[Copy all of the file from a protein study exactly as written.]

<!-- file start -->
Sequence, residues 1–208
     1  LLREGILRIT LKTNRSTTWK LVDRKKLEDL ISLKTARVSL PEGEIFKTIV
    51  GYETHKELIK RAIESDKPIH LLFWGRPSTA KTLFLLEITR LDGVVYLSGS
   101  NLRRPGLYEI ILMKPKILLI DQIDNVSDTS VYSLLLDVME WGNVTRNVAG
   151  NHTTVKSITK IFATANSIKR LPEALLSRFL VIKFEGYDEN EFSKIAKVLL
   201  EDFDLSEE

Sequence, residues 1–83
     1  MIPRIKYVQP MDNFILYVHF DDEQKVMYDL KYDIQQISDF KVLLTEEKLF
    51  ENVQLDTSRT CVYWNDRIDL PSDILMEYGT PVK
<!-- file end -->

Sequence, residues 1–208
     1  LLREGILRIT LKTNRSTTWK LVDRKKLEDL ISLKTARVSL PEGEIFKTIV
    51  GYETHKELIK RAIESDKPIH LLFWGRPSTA KTLFLLEITR LDGVVYLSGS
   101  NLRRPGLYEI ILMKPKILLI DQIDNVSDTS VYSLLLDVME WGNVTRNVAG
   151  NHTTVKSITK IFATANSIKR LPEALLSRFL VIKFEGYDEN EFSKIAKVLL
   201  EDFDLSEE

Sequence, residues 1–83
     1  MIPRIKYVQP MDNFILYVHF DDEQKVMYDL KYDIQQISDF KVLLTEEKLF
    51  ENVQLDTSRT CVYWNDRIDL PSDILMEYGT PVK